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First MCO Tax, Next Comes Rate-Setting

The Legislature last week reinstituted the managed care organization tax with a couple of twists favored by the health plans paying the tax.

The Brown Administration had hoped to funnel MCO tax money into the general fund indefinitely, but the final proposal included a sunset clause and linkage to Medi-Cal programs — in particular, to the duals demonstration project that targets the frail and elderly population of those Californians dually eligible for Medi-Cal and Medicare.

“The tax on managed care plans now will generate revenue to improve the duals program,” said Patrick Johnston, president and CEO of the California Association of Health Plans. “Otherwise, it’s just a diversion of federal Medicaid funds that’s not justified. We wanted to receive assurances the tax would go to Medi-Cal programs.”

The three-year sunset for the MCO tax coincides with the duals project timeline, Johnston said. The MCO tax expired at the end of 2012.

The next step comes next month, Johnston said, when the state sets rates.

“So the real test of whether the MCO tax can help the state’s ability to fund these Medi-Cal programs comes with the rates part,” Johnston said. Rates paid to insurers by the state will be established for two important populations — seniors and persons with disabilities and the dual demonstration rate.

“It’s a continuing challenge for the state to finance programs on a limited set of resources, and for the health plans’ duty to provide high-quality care at Medi-Cal rates,” Johnston said. “Historically [those rates] have been inadequate and so it’s difficult to secure a network of providers as large as everyone would want.”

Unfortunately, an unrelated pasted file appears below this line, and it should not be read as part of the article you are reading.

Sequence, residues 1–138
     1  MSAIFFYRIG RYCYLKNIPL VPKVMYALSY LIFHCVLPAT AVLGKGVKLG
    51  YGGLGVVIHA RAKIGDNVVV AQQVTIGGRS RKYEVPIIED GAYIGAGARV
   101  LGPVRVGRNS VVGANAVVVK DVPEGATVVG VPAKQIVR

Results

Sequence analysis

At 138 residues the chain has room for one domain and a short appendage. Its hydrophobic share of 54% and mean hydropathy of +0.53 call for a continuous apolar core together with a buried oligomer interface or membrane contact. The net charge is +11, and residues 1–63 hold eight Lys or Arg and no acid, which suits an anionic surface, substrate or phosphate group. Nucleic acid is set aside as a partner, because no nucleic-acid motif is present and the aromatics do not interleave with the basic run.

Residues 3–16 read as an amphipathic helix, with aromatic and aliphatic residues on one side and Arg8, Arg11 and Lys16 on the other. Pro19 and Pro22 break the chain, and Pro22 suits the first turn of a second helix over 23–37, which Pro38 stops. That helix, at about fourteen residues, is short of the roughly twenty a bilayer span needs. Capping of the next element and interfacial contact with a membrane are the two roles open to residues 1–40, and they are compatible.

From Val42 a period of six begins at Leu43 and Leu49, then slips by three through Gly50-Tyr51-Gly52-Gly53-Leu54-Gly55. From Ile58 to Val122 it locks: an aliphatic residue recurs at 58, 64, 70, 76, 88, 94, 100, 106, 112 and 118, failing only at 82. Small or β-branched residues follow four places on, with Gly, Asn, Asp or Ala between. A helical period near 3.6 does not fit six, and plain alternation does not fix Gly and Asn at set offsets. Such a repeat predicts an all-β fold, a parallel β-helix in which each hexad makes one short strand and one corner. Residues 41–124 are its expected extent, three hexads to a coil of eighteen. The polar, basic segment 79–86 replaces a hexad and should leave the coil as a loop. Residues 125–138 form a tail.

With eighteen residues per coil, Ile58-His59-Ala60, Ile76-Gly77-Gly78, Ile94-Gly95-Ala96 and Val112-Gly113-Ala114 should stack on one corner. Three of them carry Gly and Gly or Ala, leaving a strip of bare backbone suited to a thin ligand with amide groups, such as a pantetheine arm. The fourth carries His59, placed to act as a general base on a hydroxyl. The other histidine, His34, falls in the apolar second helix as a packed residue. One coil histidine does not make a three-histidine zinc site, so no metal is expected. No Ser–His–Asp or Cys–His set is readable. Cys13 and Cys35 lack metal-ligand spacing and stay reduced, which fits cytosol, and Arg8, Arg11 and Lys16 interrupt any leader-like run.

Johnston said it would have been better to have the rate-setting process ahead of the budget decision, so legislators would know exactly what they’re voting for.

“We would have preferred to have a rate-setting process that’s timely and transparent, so the evidence can be available to the Legislature to pass a budget and see that Medi-Cal beneficiaries are going to be fully served, and the health plans that make it happen are going to have stable funding.”

The MCO tax should help provide stable funding. The money generated by the state tax is matched with federal dollars and a lot of that combined money ends up going back to the health plans in the form of Medi-Cal payments.

The SPD transition to Medi-Cal managed care has been going on for two years, with mixed results, Johnston said. “Plans of all different types and sizes have had all kinds of difficulty serving that population,” he said. “Going forward, plans can’t continue to receive less in payment to serve the SPD’s, and with the duals, we don’t want a repeat of the SPD experience.”  

So come talk to him in July, Johnston said, for a more complete picture of how the health plans view the Medi-Cal funding picture.

“I would characterize the budget agreement as an important step,” Johnston said. “Now there is more to do.”

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